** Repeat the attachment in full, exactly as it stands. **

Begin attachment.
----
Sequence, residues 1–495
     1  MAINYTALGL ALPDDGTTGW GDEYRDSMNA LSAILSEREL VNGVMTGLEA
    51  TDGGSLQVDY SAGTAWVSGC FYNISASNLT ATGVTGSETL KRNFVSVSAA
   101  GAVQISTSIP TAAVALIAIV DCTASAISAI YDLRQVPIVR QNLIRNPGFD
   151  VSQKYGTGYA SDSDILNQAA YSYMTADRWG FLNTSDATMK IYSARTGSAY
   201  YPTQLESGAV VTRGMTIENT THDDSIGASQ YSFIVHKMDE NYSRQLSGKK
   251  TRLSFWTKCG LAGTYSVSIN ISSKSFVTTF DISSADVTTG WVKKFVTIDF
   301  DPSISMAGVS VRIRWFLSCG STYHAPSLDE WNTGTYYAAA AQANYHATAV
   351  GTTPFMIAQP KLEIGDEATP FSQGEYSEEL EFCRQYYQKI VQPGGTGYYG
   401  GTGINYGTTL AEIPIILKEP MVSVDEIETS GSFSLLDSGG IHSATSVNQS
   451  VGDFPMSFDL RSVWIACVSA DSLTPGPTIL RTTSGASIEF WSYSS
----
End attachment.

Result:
Sequence, residues 1–495
     1  MAINYTALGL ALPDDGTTGW GDEYRDSMNA LSAILSEREL VNGVMTGLEA
    51  TDGGSLQVDY SAGTAWVSGC FYNISASNLT ATGVTGSETL KRNFVSVSAA
   101  GAVQISTSIP TAAVALIAIV DCTASAISAI YDLRQVPIVR QNLIRNPGFD
   151  VSQKYGTGYA SDSDILNQAA YSYMTADRWG FLNTSDATMK IYSARTGSAY
   201  YPTQLESGAV VTRGMTIENT THDDSIGASQ YSFIVHKMDE NYSRQLSGKK
   251  TRLSFWTKCG LAGTYSVSIN ISSKSFVTTF DISSADVTTG WVKKFVTIDF
   301  DPSISMAGVS VRIRWFLSCG STYHAPSLDE WNTGTYYAAA AQANYHATAV
   351  GTTPFMIAQP KLEIGDEATP FSQGEYSEEL EFCRQYYQKI VQPGGTGYYG
   401  GTGINYGTTL AEIPIILKEP MVSVDEIETS GSFSLLDSGG IHSATSVNQS
   451  VGDFPMSFDL RSVWIACVSA DSLTPGPTIL RTTSGASIEF WSYSS